The front squat differs from the back squat due to the barbell placement in the front rack position. By doing so, the load is displaced in front of you, requiring a stronger upper back and quadriceps to maintain an upright torso and positioning.
The front squat strengths the,
- Upper Back
- Keep the toes pointed slightly outwards, and make sure knees track in the direction the toes point
- Keep the chest up proud
- Elbows high at all times
- Hinge from the hips, and let the glutes fire to come back up
- Press through the full foot, keeping the heel on the ground
- Breathe deep on the eccentric, and hold full of air at the bottom to increase intra-abdominal pressure
Setting up the rack: First thing you need to check that the safety hooks are a good height. You shouldn’t ever have to tiptoe the bar out of the rack. This is a common mistake people often make. You also don’t want it too low that you waste too much energy when you unrack the bar. A good starting point is to have the hooks set so the bar is level with your sternum.
There are three different grips you can
Clean grip: The bar is placed on the front delts and the elbows forward and up. This can be tough for lifters with longer arms, poor flexibility, or a lot of upper body muscle mass.
Cross armed grip: The bar is placed on the front delts and the arms are crossed to hold it in place.
Using straps: This makes it easier for lifters with a large amount of muscle mass, long-armed lifters, and those with poor flexibility or previous injuries. It's also less stressful on your elbows.
Whichever grip you use, you want to keep your elbows high the whole time.
Foot stance and angle the toes point out: How wide people’s stance is will vary depending on individual anatomy and their mobility. You’ll need to use trial and error to find your best stance. A good starting point is to have your heels at shoulder-width apart and slightly pointing out. See how that’s feels. You can then try it an inch or two wider, and an inch or two narrower. Try with the toes pointing out and driving the knees out, and try with the feet pointing straight ahead. See how comfortable and how deep you can squat with each stance.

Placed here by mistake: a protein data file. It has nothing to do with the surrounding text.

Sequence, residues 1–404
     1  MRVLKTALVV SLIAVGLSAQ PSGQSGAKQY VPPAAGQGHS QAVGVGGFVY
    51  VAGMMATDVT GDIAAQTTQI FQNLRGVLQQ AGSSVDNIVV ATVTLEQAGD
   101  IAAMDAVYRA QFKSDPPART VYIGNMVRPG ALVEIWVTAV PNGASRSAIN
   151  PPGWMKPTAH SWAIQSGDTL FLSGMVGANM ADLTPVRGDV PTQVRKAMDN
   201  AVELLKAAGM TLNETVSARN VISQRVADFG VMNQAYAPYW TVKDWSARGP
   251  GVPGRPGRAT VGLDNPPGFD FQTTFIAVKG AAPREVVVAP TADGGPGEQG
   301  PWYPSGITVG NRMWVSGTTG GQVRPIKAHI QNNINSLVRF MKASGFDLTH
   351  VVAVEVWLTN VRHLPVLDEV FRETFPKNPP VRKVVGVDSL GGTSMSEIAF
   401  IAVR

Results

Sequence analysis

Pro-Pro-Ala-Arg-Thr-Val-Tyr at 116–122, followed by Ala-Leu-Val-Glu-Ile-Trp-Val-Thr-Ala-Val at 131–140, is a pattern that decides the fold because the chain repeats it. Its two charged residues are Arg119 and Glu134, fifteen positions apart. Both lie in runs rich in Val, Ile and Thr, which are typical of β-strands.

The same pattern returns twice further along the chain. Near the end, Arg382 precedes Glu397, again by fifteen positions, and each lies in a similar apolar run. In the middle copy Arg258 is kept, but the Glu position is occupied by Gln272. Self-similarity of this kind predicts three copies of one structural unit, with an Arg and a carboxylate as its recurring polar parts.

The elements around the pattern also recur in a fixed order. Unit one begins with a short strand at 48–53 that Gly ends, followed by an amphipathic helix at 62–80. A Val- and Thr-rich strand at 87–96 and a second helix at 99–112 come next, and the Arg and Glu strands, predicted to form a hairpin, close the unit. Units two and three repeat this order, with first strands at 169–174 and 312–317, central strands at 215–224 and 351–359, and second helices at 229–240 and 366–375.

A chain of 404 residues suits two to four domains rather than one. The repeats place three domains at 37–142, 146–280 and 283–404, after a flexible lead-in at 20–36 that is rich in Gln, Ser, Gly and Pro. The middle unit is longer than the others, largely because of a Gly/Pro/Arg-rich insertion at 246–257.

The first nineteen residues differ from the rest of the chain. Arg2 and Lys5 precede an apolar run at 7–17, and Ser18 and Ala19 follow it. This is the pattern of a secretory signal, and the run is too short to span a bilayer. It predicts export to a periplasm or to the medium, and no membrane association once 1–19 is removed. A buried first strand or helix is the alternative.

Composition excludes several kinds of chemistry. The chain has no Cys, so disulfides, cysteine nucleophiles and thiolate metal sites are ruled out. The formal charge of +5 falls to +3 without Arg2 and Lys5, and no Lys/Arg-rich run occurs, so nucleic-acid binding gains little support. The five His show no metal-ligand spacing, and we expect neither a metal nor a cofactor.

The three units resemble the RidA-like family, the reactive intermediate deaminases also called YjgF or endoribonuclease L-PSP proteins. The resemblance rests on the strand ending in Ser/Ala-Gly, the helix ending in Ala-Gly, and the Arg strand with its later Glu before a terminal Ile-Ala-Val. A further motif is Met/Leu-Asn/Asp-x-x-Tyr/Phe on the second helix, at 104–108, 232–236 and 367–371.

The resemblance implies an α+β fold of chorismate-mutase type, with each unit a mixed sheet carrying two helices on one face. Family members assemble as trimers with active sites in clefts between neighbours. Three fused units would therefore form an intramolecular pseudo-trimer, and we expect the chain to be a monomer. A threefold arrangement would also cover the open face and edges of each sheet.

Bracing and getting tight: Take a deep, diaphragmatic breath. Brace like you’re going to take a punch to the stomach. These both need to be held for the whole rep. Take a breath at the top of the rep when you need to.
Walking the bar out of the rack: Start with your feet the width you plan to squat with. Start your hips a bit behind the bar, take a deep breath into your stomach, tense your abs, and get your hips under the bar and squat the weight up out of the hooks. Be aggressive when unracking the bar. Once you unrack the bar, wait for a second and let the weights settle. Take a small step back with one foot, then a little step back with your second foot, and then a third step if an adjustment is needed. You want the walkout to be as efficient as possible so that you waste minimal energy. You shouldn’t ever need more than three steps to walk out.
Keep your elbows up.
You need to ensure you have your weight evenly distributed across your big toe, your little toe, and your heel. Next, you need to create tension in your hips. With your feet planted into the floor try and rotate your hips outwards. Do this by imagining trying to touch your heels together and move more toes towards a wall either side without actually moving your feet.
Squatting: Make sure you're braced and taken a diaphragmatic breath. Hold this for the whole rep.
Keep your chest and elbows up to keep your torso upright.
Squat straight down and don't push your hips back.
The front squat uses a more upright torso compared to the back squat.
Your hips and shoulders should come up at the same speed. This will keep your back angle the same throughout the lift.
Low elbows: You need to keep your elbows up high throughout the rep. Don't let them drop low as this causes the barbell to roll forward and eventually to the ground.
Rounding the upper back and leaning forward: With the front squat, you want to keep your torso upright. These can be caused by low elbows which will then pull the body forward. You might also be pushing your hips back instead of sitting straight down.